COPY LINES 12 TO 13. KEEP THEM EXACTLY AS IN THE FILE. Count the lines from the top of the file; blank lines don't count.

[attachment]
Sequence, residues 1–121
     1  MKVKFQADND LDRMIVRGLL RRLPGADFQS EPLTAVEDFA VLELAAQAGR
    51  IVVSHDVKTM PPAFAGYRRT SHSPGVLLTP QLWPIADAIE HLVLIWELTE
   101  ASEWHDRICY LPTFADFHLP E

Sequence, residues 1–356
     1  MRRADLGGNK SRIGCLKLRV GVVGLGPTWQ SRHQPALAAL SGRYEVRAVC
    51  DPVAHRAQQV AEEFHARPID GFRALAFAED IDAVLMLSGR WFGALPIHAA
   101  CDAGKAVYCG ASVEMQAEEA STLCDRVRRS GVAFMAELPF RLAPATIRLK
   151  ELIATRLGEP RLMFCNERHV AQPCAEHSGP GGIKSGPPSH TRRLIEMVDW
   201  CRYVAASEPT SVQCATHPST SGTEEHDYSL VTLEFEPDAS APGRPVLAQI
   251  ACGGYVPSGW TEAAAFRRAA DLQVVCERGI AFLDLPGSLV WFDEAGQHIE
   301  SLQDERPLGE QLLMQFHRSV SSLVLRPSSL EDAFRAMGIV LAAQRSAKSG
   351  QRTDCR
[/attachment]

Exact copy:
   301  SLQDERPLGE QLLMQFHRSV SSLVLRPSSL EDAFRAMGIV LAAQRSAKSG
   351  QRTDCR